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Next, we walked to El Morro, the fort.  El Morro is a National Historic Site administered by the U.S. National Park Service.

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Notice the dry moat on either side of the entrance.

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The plaza within the fort has been renovated to appear somewhat as it looked during its heyday.

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The park ranger we talked to suggested starting from the lowest “level” of the fort up to the highest level.

Some areas of the fort have ramps instead of stairs.  I suppose they needed to be able somehow to bring big things like cannons to various levels of the fort!

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Since its construction in 1539, El Morro has served a number of purposes throughout the centuries.  During Spanish rule, it survived an attack by the English led by Sir Francis Drake in 1595.  The English attacked again in 1598 led by George Clifford and were partially successful through attacking by land rather than by sea — but they were forced to leave the island during a breakout of dysentery.

Here, you can see a few of semi-circle tracks for El Morro’s many cannons.

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The Dutch attacked in 1625.  Although they were successful in ransacking and burning much of the city, they were unable to penetrate El Morro.

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During the Spanish-American War, the U.S. bombarded El Morro in 1898.  During the Treaty of Paris that ended the Spanish-American War, Spain ceded the ownership of ownership of Puerto Rico to the United States (along with the islands of Cuba, Guam, and the Philippines).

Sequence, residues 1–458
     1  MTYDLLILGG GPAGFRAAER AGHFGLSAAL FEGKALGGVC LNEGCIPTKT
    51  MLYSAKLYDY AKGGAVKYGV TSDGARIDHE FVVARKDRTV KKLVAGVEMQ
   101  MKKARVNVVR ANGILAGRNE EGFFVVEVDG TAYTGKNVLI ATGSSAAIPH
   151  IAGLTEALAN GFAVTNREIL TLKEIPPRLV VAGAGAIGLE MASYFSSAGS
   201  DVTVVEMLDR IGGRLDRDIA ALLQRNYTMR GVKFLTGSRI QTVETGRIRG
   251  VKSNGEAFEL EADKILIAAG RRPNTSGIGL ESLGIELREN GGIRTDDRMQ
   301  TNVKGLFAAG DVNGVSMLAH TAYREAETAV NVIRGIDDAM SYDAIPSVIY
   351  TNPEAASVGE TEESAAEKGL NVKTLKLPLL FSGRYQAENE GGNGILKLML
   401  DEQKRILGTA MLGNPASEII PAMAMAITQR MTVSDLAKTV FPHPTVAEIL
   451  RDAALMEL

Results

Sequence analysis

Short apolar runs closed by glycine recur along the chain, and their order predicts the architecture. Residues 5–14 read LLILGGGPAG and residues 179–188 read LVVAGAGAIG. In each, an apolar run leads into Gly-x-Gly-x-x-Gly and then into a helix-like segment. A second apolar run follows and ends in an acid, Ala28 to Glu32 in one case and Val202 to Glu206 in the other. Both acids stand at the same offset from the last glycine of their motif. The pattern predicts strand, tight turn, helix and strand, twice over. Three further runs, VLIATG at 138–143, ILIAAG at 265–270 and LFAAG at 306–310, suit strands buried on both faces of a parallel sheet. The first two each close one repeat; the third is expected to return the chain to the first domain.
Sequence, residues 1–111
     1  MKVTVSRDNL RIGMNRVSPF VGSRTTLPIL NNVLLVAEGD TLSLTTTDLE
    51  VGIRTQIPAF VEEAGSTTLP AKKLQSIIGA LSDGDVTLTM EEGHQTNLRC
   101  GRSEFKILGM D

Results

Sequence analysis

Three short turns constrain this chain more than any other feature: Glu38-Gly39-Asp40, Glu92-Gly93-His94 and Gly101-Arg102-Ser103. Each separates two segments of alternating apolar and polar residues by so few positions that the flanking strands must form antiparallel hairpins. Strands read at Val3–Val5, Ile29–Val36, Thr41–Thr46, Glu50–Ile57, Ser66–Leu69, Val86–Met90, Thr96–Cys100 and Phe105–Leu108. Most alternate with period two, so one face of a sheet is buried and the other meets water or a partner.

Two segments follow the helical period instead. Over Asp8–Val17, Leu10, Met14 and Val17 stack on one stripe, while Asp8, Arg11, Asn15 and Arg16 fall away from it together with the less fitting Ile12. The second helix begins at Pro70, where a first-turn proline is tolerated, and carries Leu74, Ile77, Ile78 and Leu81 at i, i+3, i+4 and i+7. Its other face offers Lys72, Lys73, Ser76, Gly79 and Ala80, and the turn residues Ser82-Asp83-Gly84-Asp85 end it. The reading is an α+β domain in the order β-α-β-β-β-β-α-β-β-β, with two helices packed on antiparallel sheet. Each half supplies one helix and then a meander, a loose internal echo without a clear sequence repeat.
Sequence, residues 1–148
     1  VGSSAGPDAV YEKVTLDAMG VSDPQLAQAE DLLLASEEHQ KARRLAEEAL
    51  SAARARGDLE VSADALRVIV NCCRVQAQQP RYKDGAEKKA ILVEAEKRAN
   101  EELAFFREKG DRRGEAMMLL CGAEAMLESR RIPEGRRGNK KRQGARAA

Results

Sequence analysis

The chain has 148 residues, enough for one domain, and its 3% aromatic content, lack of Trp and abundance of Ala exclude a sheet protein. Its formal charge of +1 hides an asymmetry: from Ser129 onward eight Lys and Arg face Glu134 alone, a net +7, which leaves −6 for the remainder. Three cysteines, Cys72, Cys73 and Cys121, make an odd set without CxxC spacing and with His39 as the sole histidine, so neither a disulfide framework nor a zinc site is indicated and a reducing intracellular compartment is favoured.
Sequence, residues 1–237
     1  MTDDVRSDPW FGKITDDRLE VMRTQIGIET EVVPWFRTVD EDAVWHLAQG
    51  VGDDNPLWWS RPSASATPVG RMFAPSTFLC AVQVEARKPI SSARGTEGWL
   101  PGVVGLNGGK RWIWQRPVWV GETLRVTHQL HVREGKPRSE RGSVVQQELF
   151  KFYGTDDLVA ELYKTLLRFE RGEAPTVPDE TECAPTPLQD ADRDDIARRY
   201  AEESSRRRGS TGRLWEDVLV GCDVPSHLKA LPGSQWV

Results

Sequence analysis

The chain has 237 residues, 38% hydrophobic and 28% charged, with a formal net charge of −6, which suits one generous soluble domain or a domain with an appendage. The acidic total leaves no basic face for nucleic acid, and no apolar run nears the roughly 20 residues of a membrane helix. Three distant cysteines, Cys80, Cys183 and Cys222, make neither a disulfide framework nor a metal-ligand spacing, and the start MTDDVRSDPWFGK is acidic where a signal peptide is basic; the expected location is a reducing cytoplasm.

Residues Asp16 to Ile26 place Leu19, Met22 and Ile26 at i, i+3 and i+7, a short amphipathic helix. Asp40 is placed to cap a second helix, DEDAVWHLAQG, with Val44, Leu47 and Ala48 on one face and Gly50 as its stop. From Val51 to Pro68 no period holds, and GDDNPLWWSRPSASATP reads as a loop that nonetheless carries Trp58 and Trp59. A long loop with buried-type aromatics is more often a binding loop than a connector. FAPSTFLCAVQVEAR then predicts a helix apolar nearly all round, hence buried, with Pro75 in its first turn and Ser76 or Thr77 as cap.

El Morro then became part of a U.S. military post called Fort Brooke and was active during World War I and II.  The concrete bunker in the photo below was added during World War II to keep watch for German submarines.

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In 1961, the U.S. military retired Forte Brooke and El Morro became part of the National Park Service.

On the highest level of the fort, there is a lighthouse.  The first lighthouse was built on El Morro in 1846.  The second lighthouse (1876) was struck by U.S. artillery fire during the Spanish-American war.  The third lighthouse was rebuilt a year later but demolished in 1906 due to structural problems.  The current lighthouse was constructed in 1908 in the Moorish Revival style.

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The view from Level 6 overlooks the “field-of-fire” and the rest of Old San Juan.

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This big guy was hanging out on Level 6!  We have no idea how he got up this high within the fort.

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Stay tuned for the rest of Day 2!